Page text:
Incredible pictures from above of Croydon’s airfield where spitfires were hidden during World War 2

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Croydon has an incredibly rich history especially when looking into its service to the country during World War Two. Although now very much part of Greater London during the 1930s and 1940s Croydon was simply a market town on the outskirts of London.

Areas of the Croydon borough such as Coulsdon, Purley and Kenley were part of Surrey rather than London with beautiful rolling hills of countryside as opposed to the dense streets of the capital. With so much space and close proximity to London these areas were incredibly important to the capital’s World War Two efforts.

Two of the most important infrastructures defending Britain from attacking German forces were Croydon Airport and RAF Kenley. Along with Biggin Hill in Bromley, Croydon Airport and RAF Kenley were the three main fighter stations responsible for the air defence of London.

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501 squadron in 1940 at RAF Kenley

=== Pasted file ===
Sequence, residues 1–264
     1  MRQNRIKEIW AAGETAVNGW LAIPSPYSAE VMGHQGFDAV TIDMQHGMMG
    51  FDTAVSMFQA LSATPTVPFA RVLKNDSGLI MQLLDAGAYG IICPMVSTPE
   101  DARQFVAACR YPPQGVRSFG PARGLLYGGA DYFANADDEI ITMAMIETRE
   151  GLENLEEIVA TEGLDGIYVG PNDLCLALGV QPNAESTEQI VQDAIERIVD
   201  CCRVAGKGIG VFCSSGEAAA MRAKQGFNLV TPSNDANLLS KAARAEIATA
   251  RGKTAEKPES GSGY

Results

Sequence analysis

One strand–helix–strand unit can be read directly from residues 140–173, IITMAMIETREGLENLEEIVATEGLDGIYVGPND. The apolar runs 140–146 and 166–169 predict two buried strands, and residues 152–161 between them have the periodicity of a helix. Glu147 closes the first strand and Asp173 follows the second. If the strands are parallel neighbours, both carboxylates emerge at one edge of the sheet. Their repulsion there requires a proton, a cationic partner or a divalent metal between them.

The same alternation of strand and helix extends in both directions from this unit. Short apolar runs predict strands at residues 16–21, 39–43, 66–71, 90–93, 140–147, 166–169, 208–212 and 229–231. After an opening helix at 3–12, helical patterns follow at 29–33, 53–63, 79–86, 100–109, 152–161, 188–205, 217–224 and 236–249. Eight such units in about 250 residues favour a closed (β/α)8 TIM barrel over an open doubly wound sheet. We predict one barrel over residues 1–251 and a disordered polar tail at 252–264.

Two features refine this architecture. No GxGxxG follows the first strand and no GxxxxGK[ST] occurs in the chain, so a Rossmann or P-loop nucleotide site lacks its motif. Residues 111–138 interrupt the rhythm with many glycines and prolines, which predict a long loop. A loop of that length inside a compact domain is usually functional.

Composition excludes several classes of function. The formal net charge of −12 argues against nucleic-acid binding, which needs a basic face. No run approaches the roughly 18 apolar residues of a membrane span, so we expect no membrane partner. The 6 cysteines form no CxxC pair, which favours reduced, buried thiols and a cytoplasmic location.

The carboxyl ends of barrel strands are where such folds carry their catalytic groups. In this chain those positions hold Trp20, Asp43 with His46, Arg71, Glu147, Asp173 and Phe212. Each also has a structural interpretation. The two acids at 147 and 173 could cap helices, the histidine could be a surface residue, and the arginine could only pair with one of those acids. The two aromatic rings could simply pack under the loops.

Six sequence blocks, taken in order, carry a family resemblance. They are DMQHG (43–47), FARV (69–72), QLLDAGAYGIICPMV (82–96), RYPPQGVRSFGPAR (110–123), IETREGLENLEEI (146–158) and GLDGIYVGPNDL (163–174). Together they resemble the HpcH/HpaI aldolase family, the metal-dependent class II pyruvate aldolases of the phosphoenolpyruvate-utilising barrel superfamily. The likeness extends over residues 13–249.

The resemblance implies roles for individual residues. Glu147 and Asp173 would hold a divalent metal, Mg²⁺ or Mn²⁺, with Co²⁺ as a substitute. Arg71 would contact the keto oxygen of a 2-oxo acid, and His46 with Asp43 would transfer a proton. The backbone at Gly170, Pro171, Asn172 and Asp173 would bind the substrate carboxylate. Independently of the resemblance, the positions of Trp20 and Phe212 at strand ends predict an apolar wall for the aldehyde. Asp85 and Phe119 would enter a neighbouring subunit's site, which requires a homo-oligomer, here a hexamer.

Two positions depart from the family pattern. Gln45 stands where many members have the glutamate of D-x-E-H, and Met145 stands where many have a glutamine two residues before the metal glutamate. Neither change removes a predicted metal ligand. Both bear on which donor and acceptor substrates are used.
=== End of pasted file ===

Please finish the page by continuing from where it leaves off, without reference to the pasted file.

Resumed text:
In 1939 Kenley was given two new concrete runways which were built to accommodate Hurricanes and Spitfires, two planes that would become synonymous with Britain’s battle against Nazi Germany. It was from these three airports that the Battle of Britain fighter pilots took off from and fought with the all-powerful German Luftwaffe.

On August 18, 1940 Kenley suffered its worse attack when it was severely damaged by enemy bombs, a date which the British lost 68 aircraft and the Germans lost 69. A photo of Kenley airport in 1941 shows how important the airfields were in the battle against fascist forces in Europe.

In the photograph from late 1941 you can see attempts to camouflage the runways and around the edge of the airfield are E- shaped structures containing aircraft. These structures, called fighter E-pens were, built to give some protection from air attack when the aircraft where on the ground.

The photo forms part of Historic England’s new Aerial Photography Explorer allows people to search and explore an online map showing aerial photographs across the country over the past 100 years. Over 400,000 images from 1919 to the present day have been added to the tool, covering nearly 30 per cent (c.15,000 square miles) of England.

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